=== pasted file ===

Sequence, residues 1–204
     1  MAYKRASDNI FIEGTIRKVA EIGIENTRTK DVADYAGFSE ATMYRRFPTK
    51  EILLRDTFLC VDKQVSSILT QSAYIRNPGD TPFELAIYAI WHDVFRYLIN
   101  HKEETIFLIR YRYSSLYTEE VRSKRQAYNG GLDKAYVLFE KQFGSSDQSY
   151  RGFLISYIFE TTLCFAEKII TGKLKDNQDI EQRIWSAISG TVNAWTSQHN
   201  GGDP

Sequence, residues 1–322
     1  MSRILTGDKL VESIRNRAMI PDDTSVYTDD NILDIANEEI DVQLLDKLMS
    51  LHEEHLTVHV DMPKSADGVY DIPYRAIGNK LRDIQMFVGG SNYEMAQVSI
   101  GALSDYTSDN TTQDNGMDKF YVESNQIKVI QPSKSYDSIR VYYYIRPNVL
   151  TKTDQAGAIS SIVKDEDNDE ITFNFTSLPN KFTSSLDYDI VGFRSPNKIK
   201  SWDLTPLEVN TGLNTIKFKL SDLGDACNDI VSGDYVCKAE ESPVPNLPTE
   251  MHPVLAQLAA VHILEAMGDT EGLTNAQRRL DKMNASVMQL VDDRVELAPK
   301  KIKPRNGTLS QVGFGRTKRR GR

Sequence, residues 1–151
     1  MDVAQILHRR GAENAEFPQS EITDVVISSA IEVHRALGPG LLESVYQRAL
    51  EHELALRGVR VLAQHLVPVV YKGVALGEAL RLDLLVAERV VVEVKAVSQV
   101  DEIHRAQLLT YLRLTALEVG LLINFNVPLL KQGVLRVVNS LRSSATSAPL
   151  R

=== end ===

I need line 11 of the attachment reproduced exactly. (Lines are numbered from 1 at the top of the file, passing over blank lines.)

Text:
   151  TKTDQAGAIS SIVKDEDNDE ITFNFTSLPN KFTSSLDYDI VGFRSPNKIK